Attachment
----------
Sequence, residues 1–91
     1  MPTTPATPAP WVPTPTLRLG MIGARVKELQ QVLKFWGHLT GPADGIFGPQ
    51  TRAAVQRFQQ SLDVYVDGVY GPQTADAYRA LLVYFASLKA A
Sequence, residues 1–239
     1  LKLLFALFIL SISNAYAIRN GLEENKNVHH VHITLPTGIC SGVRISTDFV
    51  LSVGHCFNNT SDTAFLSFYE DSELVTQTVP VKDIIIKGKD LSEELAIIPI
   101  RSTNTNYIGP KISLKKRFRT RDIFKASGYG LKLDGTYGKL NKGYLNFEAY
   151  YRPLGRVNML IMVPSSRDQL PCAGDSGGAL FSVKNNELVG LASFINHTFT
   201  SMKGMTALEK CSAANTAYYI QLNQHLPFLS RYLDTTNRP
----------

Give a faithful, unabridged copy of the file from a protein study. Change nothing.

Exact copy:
Sequence, residues 1–91
     1  MPTTPATPAP WVPTPTLRLG MIGARVKELQ QVLKFWGHLT GPADGIFGPQ
    51  TRAAVQRFQQ SLDVYVDGVY GPQTADAYRA LLVYFASLKA A
Sequence, residues 1–239
     1  LKLLFALFIL SISNAYAIRN GLEENKNVHH VHITLPTGIC SGVRISTDFV
    51  LSVGHCFNNT SDTAFLSFYE DSELVTQTVP VKDIIIKGKD LSEELAIIPI
   101  RSTNTNYIGP KISLKKRFRT RDIFKASGYG LKLDGTYGKL NKGYLNFEAY
   151  YRPLGRVNML IMVPSSRDQL PCAGDSGGAL FSVKNNELVG LASFINHTFT
   201  SMKGMTALEK CSAANTAYYI QLNQHLPFLS RYLDTTNRP